E2010 Wired

The power of our words can inspire change in a single person, then two, then the world.

Pushout. The Underside of High School Dropout.

The film that has us all a buzz over the past couple of months is “Waiting for Superman.” There’s another group of film-makers producing films about the plight they face as high school students in an urban center.

Nestled the heart of distinguished institutions of higher learning that include Yale UniversityAlbertus Magnus,University of New Haven and Southern Connecticut State University are high school students with little hope of success stacked up against a mountain of failure-expectation. They began their own quest to encourage each other and tell their story,Youth Rights Media.

Youth Rights Media does not get public acclaim. There are no pre-screening galas to their movies with world-renown public figures gracing the red carpet. These students simply tell their story and encourage each other, bringing their message about the obstacles they must overcome in order to succeed and not become invisible.

On March 8, 2010, YRM released their latest film (video clip above) to a large audience at Connecticut’s Legislative Office Building that focuses on a practice termed as pushout by Connecticut’s high school students:

This morning, I was invited by attorney Josh Michtom to attend an event at the Legislative Office Building, where members of New Haven’s Youth Rights Media were presenting their latest documentary, PUSHED. The documentary focuses on the practice by CT school systems to push underachieving youth to leave public school and move on to Adult Education Program instead. As the documentary points out, this practice makes those students ‘invisible’ to the system. They are no longer enrolled in public schools, but are not considered ‘drop outs’. It’s a very disturbing way to educate youth.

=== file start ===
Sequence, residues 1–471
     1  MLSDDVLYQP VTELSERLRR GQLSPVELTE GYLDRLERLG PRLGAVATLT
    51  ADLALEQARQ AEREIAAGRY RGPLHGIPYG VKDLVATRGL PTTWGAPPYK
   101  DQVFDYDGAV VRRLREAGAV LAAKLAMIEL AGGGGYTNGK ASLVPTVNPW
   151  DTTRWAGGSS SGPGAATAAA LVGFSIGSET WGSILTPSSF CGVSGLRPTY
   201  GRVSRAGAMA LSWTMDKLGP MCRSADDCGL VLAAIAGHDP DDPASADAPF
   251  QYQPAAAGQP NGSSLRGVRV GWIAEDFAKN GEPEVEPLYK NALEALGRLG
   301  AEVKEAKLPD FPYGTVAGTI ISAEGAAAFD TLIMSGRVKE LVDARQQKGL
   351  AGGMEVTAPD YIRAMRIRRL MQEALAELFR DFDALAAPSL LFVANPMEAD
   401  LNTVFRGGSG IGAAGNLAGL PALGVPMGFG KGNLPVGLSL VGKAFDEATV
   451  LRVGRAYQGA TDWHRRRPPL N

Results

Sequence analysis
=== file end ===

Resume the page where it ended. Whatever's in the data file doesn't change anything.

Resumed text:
One has to wonder who are these students waiting for. Fortunately for New Haven’s students, a group of Yale Law students decided to get involved:

In the late 1990s, Connecticut witnessed multiple fatal police shootings of young people of color, the grave consequences of the prevailing youth-police relationships were made painfully clear. At the same time, Connecticut was gradually becoming a national leader on an equally disturbing front: its spending on incarceration, the racial disproportionately in its juvenile and criminal justice system, and the percentage of youth incarcerated in adult facilities.

In the summer of 2000, Yale Law students teamed up to develop a youth rights education program that used video as a teaching tool, and they trained New Haven teens to facilitate workshops about young people’s rights in encounters with police. A couple years later, in 2002, Youth Rights Media was born.

Youth rights Media. Making Media, Making Change.

“PUSHED” – new documentary by Youth Rights Media

Musical Talents of 42 New Haven Students Nurtured through Free Summer Music Academy at Yale

A Hard Look At Alternative Schools

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